R130-million water infrastructure project to end erratic water supply to UFH main campus and Alice gets underway

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The University of Fort Hare and Alice multi-million-rand water infrastructure project site has been handed over to contractors – signaling the start of work on this significant development that will end erratic water supply to the University’s main campus and communities in the small town of Alice.

The water treatment works project that was handed over yesterday, is one of two developments funded by the Department of Higher Education and Training (DHET) to the tune of R130-million, the second project entails the upgrading of the wastewater treatment works.

Critical to this project is the collaboration between UFH as the implementation agent, Amathole District Municipality as the owner of the water treatment works, and Raymond Mhlaba Municipality as the beneficiary of the project. The process is facilitated by the University in conjunction with Raymond Mhlaba Municipality following the signing of a memorandum of understanding.

The work to be carried out by the contractor, Mpumalanga Construction (PTY) entails extensive upgrades on the treatment plant, the reservoir, and the reticulation/ piping system. The current capacity of the water treatment works is between 70 and 80 litres per second and once the upgrade work is complete the capacity will increase to 140 litres per second.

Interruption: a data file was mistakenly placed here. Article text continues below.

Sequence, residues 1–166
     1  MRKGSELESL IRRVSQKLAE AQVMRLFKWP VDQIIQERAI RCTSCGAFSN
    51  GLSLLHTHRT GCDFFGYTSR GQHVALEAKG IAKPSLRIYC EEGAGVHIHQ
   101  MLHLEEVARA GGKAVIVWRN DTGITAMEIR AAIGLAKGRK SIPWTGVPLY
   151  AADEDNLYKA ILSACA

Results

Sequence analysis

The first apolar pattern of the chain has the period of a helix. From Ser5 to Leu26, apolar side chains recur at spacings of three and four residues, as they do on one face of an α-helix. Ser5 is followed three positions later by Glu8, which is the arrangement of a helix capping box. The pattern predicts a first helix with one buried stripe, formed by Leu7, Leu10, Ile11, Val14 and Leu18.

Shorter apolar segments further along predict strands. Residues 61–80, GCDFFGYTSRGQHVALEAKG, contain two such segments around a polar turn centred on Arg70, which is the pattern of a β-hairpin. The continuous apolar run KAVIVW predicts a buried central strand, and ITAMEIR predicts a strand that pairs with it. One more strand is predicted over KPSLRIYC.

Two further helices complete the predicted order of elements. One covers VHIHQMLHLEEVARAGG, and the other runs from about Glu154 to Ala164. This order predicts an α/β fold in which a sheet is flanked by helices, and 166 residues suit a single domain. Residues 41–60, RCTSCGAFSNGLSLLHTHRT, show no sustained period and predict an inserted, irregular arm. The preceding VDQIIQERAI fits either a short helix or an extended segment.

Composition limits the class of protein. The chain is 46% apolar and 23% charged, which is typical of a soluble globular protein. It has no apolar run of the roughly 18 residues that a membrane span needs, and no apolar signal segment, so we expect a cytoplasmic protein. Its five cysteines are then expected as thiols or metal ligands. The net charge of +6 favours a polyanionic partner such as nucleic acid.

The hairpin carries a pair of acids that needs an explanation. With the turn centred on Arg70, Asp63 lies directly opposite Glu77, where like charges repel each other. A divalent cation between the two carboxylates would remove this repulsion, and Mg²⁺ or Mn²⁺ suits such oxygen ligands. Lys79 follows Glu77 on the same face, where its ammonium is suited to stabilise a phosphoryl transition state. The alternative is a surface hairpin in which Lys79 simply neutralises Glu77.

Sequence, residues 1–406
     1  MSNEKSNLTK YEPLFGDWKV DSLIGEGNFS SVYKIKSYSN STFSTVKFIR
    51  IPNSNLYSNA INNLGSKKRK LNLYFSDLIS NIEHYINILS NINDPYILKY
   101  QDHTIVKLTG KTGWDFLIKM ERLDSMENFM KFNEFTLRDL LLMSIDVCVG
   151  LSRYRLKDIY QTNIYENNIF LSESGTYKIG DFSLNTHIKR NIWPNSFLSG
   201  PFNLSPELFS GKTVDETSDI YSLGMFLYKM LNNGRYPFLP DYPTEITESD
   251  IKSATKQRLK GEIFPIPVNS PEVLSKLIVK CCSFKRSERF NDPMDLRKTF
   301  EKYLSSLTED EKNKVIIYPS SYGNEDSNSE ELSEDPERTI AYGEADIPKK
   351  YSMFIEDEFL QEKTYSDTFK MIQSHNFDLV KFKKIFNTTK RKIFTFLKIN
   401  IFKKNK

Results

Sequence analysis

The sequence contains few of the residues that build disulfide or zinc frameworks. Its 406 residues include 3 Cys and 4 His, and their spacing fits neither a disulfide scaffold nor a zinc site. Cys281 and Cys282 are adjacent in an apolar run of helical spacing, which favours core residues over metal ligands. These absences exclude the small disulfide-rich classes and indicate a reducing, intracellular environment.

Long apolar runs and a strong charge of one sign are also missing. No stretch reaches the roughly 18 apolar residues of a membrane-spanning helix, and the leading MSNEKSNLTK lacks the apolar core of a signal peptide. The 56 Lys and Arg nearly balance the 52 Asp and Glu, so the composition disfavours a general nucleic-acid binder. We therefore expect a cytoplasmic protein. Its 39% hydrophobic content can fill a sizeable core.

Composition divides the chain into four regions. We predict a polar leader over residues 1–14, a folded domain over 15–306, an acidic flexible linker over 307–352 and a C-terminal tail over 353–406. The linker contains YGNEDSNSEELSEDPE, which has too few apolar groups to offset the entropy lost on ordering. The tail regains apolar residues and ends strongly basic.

The scope of work is as follows: 

  1. Flocculent channels to be increased from 30 metres to 95 metres
  2. Two new sedimentation basins to be constructed in addition to the three existing basins
  3. Two additional sand filters to be installed in addition to the three existing sand filters
  4. Chlorine dosing to be upgraded following hailstorm damage
  5. Existing sludge ponds to be cleaned
  6. Existing building to be renovated, including a canteen area for the staff
  7. A new 5Ml reservoir will be constructed adjacent to the existing reservoir and the old reservoir to be refurbished
  8. A new pipeline will be installed from treatment works to the reservoirs

The development is expected to take 14 months to complete and upon completion, the campus and surrounding households will have an increased and more reliable water supply with adequate pressure.

The Alice campus has been battling with the issue of erratic water supply for years. To address this ongoing challenge, a few years ago the DHET Infrastructure Support Team undertook an analysis of what was happening to identify the key problems. Based on the team's findings and recommendations, the required budget was approved by the DHET Minister.

The site handover was attended by representatives from UFH led by the Vice-Chancellor, Prof Sakhela Buhlungu and the Deputy Vice-Chancellor for Institutional Support, Dr Nosisa Mayaba. Also represented were the Amathole District and the Raymond Mhlaba Municipalities.

On-site, the representatives were taken on a tour by Mr Dave De Wet from Sinakho Consulting who explained the extent of the work that will be undertaken.

Dr Mayaba who is responsible for the University’s infrastructure which falls under her portfolio said the primary focus is to improve student's experience on campus. “As we all know water is a basic need and the non-interrupted supply of water to our students is vital.”

The VC said this project is a perfect example of the District Development Model introduced by the Presidency which encourages all three spheres of government to work together to coordinate and integrate development plans.

“This project is not for certain individuals, it is for the benefit of the 10 000 students on campus and the communities that surround the University. This is a classic case of a rising tide that will raise all boats,” said the VC.